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Space Exploration Day: Moon Conquered, Mars the Next Frontier?

The Apollo 11 Lunar Mission proved to be a catalyst for advancements of modern medicinal science, and technology.

Published
Tech News
3 min read
Space Exploration Day should serve  serve as a constant reminder of the importance of preserving the zeal for exploration. (Photo Courtesy: <a href="http://eol.jsc.nasa.gov/SearchPhotos/photo.pl?mission=ISS044&amp;roll=E&amp;frame=45215">NASA</a>)

20 July, which is also known as Space Exploration Day is the anniversary of man’s first steps on uncharted lands outside its mother planet.

This day in 1969 marked a major milestone in the timeline of human existence as people from across the globe bore witness to Neil Armstrong and Buzz Aldrin carry out the first human expedition on the surface of the moon.

The success of the Apollo 11 Lunar expedition which was an offspring of a race between two cold war era super powers, is however of greater significance than just being a technological achievement for NASA. It was in fact a victory for mankind’s creative and inquisitive impulses.

Astronaut Edwin E. Aldrin Jr (Buzz Aldrin) walks on the surface of the moon, July 30, 1969. (Photo: AP)
Astronaut Edwin E. Aldrin Jr (Buzz Aldrin) walks on the surface of the moon, July 30, 1969. (Photo: AP)

The great technological leaps required to accomplish this mission, coupled with our strive for innovation, spurred humanity into a new era of development, changing our lives forever.

The Apollo 11 mission led to the invention of integrated circuits which is widely regarded as the reason behind the existence of the personal computers of today. This “giant leap for mankind” also proved to be a catalyst for advancement of modern medicinal science.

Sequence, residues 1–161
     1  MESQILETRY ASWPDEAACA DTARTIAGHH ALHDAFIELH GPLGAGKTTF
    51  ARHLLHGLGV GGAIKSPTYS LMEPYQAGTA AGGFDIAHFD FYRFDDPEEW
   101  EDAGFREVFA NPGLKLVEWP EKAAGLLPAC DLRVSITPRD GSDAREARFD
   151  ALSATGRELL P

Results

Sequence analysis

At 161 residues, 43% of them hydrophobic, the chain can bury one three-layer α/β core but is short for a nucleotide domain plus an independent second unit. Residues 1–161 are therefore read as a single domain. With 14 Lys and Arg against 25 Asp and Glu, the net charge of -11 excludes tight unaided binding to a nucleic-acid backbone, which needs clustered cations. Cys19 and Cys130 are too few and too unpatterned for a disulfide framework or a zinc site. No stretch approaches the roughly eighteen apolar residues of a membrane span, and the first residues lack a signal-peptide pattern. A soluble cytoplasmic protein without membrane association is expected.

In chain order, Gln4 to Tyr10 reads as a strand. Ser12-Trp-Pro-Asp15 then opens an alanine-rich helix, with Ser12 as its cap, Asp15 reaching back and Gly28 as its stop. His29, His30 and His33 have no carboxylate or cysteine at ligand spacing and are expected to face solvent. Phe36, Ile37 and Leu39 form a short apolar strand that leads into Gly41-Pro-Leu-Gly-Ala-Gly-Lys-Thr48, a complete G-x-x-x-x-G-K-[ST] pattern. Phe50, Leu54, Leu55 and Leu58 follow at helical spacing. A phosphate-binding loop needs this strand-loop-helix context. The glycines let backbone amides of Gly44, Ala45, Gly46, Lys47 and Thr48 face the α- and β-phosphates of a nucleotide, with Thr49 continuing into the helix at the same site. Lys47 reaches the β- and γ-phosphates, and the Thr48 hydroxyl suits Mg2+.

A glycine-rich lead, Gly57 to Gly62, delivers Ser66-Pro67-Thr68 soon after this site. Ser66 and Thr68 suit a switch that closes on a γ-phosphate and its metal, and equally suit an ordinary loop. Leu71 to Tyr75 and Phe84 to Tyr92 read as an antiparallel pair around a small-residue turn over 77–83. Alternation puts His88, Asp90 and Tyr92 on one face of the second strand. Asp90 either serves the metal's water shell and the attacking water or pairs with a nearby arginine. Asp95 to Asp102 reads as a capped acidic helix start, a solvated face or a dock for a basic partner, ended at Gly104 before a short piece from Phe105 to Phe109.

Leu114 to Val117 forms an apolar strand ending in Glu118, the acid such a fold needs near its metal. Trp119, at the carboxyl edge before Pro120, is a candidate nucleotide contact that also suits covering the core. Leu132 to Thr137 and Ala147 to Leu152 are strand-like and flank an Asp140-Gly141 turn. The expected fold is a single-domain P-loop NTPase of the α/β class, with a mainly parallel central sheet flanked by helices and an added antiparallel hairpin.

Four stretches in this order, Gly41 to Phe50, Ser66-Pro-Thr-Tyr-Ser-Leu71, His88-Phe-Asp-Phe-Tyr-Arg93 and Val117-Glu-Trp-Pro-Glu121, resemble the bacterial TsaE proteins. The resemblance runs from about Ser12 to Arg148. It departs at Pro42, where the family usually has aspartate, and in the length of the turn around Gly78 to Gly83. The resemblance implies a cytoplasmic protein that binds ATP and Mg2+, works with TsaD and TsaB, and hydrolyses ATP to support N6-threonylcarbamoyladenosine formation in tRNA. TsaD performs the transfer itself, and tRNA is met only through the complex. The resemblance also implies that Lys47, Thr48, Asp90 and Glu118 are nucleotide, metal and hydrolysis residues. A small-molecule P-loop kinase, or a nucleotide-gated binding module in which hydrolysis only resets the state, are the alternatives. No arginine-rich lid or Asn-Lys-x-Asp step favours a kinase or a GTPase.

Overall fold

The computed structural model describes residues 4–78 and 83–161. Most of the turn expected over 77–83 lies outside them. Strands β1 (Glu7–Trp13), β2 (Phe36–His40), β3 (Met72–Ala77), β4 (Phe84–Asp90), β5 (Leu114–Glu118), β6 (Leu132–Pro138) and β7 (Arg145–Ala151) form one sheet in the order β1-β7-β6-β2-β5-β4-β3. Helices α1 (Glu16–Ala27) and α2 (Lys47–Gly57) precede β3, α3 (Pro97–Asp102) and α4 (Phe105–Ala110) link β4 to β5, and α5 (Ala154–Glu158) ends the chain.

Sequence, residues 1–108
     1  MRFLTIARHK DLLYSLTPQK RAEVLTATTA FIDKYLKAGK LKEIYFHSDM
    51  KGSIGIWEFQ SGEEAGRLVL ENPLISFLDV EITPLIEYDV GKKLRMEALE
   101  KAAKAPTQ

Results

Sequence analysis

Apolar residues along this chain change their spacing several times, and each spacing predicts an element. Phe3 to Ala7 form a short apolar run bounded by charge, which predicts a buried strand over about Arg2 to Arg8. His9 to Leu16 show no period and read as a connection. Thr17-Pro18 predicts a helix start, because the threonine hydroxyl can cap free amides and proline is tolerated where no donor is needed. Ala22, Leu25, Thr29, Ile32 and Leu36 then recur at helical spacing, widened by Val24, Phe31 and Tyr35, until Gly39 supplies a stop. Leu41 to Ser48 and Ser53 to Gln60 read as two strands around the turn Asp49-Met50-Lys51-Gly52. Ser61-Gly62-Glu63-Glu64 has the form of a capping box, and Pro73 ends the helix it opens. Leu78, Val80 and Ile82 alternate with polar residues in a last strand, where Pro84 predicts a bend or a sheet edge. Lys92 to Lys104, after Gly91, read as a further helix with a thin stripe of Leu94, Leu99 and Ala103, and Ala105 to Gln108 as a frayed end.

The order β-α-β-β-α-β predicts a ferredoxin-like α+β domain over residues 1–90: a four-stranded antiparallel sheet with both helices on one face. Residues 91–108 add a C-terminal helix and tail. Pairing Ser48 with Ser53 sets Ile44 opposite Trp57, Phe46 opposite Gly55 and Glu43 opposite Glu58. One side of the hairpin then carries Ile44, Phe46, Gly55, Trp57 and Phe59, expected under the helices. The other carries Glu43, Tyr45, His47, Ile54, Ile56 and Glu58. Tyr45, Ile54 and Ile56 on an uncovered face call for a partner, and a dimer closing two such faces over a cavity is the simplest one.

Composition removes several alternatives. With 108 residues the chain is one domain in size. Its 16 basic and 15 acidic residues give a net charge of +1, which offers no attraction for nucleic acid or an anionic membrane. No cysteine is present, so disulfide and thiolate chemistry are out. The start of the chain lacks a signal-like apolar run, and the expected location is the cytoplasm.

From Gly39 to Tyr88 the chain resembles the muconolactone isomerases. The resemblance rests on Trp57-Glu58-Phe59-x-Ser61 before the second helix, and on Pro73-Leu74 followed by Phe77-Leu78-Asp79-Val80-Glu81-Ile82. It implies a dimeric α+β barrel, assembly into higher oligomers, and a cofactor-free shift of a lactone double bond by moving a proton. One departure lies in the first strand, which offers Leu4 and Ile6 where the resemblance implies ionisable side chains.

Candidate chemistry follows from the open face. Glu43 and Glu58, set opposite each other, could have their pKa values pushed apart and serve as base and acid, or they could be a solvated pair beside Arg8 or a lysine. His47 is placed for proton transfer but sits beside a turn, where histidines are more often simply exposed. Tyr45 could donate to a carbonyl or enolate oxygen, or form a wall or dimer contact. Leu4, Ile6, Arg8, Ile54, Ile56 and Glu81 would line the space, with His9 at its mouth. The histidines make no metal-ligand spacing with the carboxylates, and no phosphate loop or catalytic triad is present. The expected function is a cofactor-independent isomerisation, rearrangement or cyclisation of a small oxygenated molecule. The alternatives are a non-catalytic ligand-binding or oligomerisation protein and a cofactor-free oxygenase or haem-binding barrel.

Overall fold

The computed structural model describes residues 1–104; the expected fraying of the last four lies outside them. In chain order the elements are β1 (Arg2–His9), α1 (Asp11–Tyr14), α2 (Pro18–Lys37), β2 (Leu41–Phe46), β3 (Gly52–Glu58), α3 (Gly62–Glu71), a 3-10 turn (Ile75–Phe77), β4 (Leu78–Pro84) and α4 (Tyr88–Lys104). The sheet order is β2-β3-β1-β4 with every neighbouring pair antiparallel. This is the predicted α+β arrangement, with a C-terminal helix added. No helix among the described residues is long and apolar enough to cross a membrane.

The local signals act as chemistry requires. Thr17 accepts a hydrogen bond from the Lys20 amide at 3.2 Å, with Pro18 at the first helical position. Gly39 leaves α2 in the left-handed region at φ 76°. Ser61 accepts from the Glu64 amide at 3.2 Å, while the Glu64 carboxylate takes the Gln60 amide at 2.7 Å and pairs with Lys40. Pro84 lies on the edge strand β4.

Suffice to say, the foot prints man left on the rocky terrain of the moon 47 years back still remains relevant today.

20 July, therefore, should not be an empty reminder of an event in human history. Rather, it should serve as a constant reminder of the importance of preserving the zeal for exploration that has seen the human race move out of its humble cave dwellings to charting a path to the dark side of the moon.

View of the earth from the moon. (GIF Courtesy: <a href="https://www.hq.nasa.gov/alsj/a11/a11.html">NASA</a>)
View of the earth from the moon. (GIF Courtesy: NASA)

What is the Next Frontier for Space Exploration?

But the moon is only the beginning, and its dark side nothing more than Columbus’ New World. As HG Wells said in his famous science fiction novel, Things To Come:

For man, there is no rest and no ending. He must go on – conquest beyond conquest. First, this little planet, and its winds and ways. Then all the laws of mind and matter that restrain him. Then the planets about him; and at last out across immensity to the stars. And when he has conquered all the deeps of space, and all the mysteries of time – still he will be beginning.

Staying true to this spirit, space agencies world over have poured in billions to send more than 40 missions to Mars in the last couple of decades. Many of them failed , while India’s ISRO along with NASA, the Soviet Union and the European Space Agency have sent successful missions to mars.

However, one thing common to all these missions is that each of them, piece by piece has helped solve the complex Mars puzzle which scientists believe holds within itself the secret to our existence.

NASA’s Curiosity Mars rover on the surface of Mars. (Photo Courtesy: <a href="http://mars.nasa.gov/multimedia/images/?ImageID=7438">NASA</a>)
NASA’s Curiosity Mars rover on the surface of Mars. (Photo Courtesy: NASA)

But this is only the beginning, and these are exciting times. China, US and a couple of other countries have new missions for Mars lined up for as early as 2020. Russia’s space agency, Rosatom has already announced plans of building a nuclear engine powered space shuttle that could cut down the time needed to reach Mars down to a meagre 45 days.

With such intense focus, the red planet has been established as the next frontier for satisfying our curiosity for exploration, and rightly so. After all, to be human is to be an explorer. To be curious is part of our DNA, and currently there is nothing else that peaks the human race’s curiosity more than the earth’s red cousin.

Since the first tribes left Africa for unknown lands, we have been guided by our curiosity into exploring alien lands, so why stop now? Explore away. To new galaxies and beyond!

(At The Quint, we are answerable only to our audience. Play an active role in shaping our journalism by becoming a member. Because the truth is worth it.)

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